Let’s start with loving parents and a protective playmate in my sister. Ample resources for food, shelter, and ballet lessons. Good teachers in good, safe schools. A mostly unscathed adolescence, with enough social pain to help me guide my children through their bumps and bruises. Glorious teenage friends, and yes we did own the world for a time. I had letdowns, and silver linings, and learned that you can’t always tell the difference between a blessing and a curse in the moment.

I had the grace to choose a career I wanted, and to make friends who continue to inspire me. I had the brilliant luck of finding Christopher, the love, the caring, the tenderness, the support, the babies.

Oh, the beautiful delicious babies, so big now.

There are many things still to do, many more words to write, hugs to hold onto. I’m greedy for more more more. But even if I live to be 120 years old, it may never be enough.

So I try to remember this:

If we are souls incarnate, and if souls are mysterious energies spinning around in the universe, this one universe in a hundred thousand, and if we get to land on Earth for a while, in the midst of millions of galaxies, in all of creation, then we ought not complain when the ride is over. We have to try to be grateful we had the ride at all. It’s like going to Kauai: You’re sad when you leave, but you were lucky to have been there at all.

I turn my head and look out the wide glass doors of my house to the trumpet vines beginning to cover the trampoline. The blessed beauty of chlorophyll, of greenest leaves and caterpillar temptation. The radical genius of hot coffee and sweet cinnamon dough. The miracles of being:  A kiss. Soft skin warm. Baby faces and little-boy-bellies, blossoming young men. Tickles that still yield laughter. Oh rapture.

 

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Words Meant to Be Shared

It may have been the glass of red wine with dinner. Or the 3-hour time change. Or my mother’s delicate snoring in the bed next to mine in our hotel, that kept me awake our first night in New York. Yet, as I pulled the pillow over my head, planning a Duane Reade earplugs run, I was grateful to be able to hear that sound, to sleep near my mother, still.

Our reason for being here: the Jewish Book Council (JBC) and its author networking conference, aka the “Pitchfest.” In those wakeful midnight hours, I ran over and over my two-minute pitch.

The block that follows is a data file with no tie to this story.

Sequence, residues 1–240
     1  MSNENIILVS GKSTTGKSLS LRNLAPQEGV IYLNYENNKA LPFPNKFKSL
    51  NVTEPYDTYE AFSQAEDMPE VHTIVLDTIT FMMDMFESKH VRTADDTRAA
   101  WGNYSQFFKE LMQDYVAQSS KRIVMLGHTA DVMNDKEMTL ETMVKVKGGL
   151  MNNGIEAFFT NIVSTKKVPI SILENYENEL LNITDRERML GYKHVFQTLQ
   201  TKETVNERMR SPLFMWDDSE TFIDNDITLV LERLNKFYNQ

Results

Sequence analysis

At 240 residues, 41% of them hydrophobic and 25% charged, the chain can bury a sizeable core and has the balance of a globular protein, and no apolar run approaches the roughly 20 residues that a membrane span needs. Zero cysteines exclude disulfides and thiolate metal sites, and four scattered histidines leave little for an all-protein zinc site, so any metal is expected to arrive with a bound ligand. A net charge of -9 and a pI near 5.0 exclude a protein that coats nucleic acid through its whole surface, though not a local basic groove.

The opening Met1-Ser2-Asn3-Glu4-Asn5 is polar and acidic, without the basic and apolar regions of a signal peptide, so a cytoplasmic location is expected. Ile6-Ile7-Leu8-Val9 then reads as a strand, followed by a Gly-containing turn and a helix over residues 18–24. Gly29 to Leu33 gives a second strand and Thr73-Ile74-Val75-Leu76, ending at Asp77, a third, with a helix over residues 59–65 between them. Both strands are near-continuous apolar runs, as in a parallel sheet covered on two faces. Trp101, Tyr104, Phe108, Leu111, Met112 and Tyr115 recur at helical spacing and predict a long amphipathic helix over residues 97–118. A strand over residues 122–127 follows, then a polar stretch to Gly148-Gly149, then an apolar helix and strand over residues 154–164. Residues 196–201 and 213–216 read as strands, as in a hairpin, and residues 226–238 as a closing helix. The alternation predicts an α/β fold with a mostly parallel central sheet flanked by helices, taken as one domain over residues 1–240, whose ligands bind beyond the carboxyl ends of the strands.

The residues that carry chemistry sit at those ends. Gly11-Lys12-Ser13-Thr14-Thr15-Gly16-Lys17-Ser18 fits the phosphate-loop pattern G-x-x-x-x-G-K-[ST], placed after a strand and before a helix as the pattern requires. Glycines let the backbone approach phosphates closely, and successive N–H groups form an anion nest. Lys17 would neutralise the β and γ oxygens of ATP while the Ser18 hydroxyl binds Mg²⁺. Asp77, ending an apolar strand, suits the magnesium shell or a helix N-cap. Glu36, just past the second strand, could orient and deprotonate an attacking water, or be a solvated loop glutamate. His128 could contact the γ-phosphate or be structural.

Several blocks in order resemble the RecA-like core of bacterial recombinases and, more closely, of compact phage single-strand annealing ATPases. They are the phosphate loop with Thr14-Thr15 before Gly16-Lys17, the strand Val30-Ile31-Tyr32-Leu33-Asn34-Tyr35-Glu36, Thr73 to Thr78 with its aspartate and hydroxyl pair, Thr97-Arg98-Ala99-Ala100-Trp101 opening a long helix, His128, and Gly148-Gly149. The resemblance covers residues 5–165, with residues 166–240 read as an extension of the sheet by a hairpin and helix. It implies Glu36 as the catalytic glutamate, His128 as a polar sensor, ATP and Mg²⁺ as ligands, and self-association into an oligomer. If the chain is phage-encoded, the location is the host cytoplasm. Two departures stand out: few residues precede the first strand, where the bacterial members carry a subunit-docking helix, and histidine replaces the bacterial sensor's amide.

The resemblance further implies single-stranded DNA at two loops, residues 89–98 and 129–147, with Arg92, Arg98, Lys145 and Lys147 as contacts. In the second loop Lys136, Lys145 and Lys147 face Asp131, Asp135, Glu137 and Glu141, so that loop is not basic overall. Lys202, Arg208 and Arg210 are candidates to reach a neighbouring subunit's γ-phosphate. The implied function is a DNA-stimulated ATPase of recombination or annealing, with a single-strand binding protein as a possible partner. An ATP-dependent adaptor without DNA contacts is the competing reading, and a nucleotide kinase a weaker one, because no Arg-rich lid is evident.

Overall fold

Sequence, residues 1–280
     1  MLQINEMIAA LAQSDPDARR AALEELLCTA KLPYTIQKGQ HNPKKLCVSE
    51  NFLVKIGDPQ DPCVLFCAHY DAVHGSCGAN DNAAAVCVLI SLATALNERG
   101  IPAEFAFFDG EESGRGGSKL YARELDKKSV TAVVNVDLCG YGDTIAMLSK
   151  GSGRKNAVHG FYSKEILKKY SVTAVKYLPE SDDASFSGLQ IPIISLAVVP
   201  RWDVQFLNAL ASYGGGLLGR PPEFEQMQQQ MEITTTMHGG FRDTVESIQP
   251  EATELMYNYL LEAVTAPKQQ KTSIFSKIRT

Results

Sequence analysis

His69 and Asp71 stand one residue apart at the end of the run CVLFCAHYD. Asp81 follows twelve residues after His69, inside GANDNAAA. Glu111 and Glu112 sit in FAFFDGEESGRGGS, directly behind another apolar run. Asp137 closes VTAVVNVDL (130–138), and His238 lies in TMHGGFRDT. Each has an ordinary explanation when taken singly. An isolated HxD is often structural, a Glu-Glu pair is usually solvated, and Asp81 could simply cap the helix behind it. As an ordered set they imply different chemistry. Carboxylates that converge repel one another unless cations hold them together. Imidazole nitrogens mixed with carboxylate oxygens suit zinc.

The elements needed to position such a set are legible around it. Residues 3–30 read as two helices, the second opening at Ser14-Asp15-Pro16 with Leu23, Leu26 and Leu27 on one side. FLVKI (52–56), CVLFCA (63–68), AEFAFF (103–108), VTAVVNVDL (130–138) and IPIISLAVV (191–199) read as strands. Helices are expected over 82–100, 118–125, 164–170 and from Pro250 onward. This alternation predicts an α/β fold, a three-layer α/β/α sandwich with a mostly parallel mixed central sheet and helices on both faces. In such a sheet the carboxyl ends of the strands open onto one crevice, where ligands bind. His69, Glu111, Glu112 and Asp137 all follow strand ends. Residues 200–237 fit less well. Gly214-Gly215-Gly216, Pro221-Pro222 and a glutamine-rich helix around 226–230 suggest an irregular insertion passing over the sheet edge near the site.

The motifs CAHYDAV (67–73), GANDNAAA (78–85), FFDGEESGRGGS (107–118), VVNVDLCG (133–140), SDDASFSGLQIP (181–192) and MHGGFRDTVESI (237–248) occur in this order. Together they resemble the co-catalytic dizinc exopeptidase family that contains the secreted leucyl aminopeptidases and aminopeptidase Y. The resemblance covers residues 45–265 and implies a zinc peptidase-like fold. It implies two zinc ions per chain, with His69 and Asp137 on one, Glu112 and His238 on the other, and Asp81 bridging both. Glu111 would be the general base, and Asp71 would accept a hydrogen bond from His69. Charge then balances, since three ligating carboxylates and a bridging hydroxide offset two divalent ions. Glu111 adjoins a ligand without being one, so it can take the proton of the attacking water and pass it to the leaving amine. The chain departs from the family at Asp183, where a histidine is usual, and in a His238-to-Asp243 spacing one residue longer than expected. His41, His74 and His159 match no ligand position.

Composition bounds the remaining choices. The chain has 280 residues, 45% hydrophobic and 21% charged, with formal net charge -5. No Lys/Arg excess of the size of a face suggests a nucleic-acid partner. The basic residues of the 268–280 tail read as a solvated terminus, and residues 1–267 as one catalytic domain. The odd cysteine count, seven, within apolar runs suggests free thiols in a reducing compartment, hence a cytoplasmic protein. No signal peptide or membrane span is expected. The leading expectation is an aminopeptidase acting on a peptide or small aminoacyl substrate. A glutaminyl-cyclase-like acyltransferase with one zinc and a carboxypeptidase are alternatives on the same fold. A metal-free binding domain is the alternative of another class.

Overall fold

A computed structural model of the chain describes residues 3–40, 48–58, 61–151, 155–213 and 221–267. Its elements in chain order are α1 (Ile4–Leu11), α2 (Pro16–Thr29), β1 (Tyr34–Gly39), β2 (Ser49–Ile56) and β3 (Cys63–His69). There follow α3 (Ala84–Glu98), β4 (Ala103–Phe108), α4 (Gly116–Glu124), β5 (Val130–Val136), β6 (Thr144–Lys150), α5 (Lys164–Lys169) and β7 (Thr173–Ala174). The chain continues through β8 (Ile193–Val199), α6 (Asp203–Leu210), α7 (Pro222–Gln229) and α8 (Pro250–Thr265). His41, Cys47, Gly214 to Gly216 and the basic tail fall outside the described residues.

You get two minutes. Two minutes to summarize seven years of writing, revising, abandoning, and returning to a manuscript that represents your most personal ideas and emotions. You sit in a filled-to-capacity sanctuary (thinking everyone here wrote a book, too??), waiting for your turn to tell the savvy book festival planners from around the country why they must choose your book for their communities. And you pinch yourself because you’re one of the authors, and everyone in this room loves books as much as you do.

When it was my turn, I left my written notes on my chair, I looked out at the audience, remembered that they wanted me to nail it, and took a breath. I talked to them like I was talking to my mom, telling them about my labor of love. And instead of two minutes it happened during a single encapsulated, time-not-passing, bubble of a moment.

Here’s what I said:

One of the most beautiful commandments in our tradition is to take care of the stranger – the vulnerable and powerless. This always resonated with me, but even more so after I became a mom. I began to see everyone – even a homeless person on the sidewalk – as someone’s child. But like many people, I struggle with wanting to help and not knowing how.

In my novel Shelter Us, Sarah, a mother of two who is grieving the death of an infant, sees a young homeless mother and child, and she can’t stop thinking about them. Remembering her late mother’s many examples of caring for “the stranger,” moves her to reach beyond her comfort zone and try to help them.

Writing about Sarah’s journey allowed me to explore the difficult question of how we respond to the need we see every day. But even more, it was my way of wrestling with a mother’s universal fear that the worst could happen to her child. Sarah, who suffered that loss, sings a Hashkivenu prayer to her children at bedtime, asking for God’s sheltering arms to keep them safe. The song she sings, “Shelter Us,” I first heard at Jewish summer camp, and its primal yearning has stayed with me all these years.

Shelter Us raises some wonderful questions to explore together:

Who are today’s strangers and what are our responsibilities to them as Jews? 

Can helping others heal our own wounds? 

What are the values we want to pass to our children, and how do we communicate them? 

In what ways did Torah study impact my thinking and writing? 

How do we move beyond our fears, to savor the small, beautiful moments of parenthood that are all too fleeting?

And then it was the next author’s turn.

As soon as I sat down I was thinking of what I’d wished I’d said: This book has great blurbs by brilliant bestselling authors! Library Journal recommends it for book clubs! You’re gonna love it! You’re absolutely gonna love it!

But, like life, there are no do-overs. There are words you will wish you didn’t leave unsaid.

My mom is sitting behind me as I write these words to you, and she’s about to leave to spend a day in the city with cousins, while I go do more book stuff. “Mom,” I call out before she leaves. “I have to tell you something!” She stops, a  look of concern floats across her face. And I try to tell her what she means to me.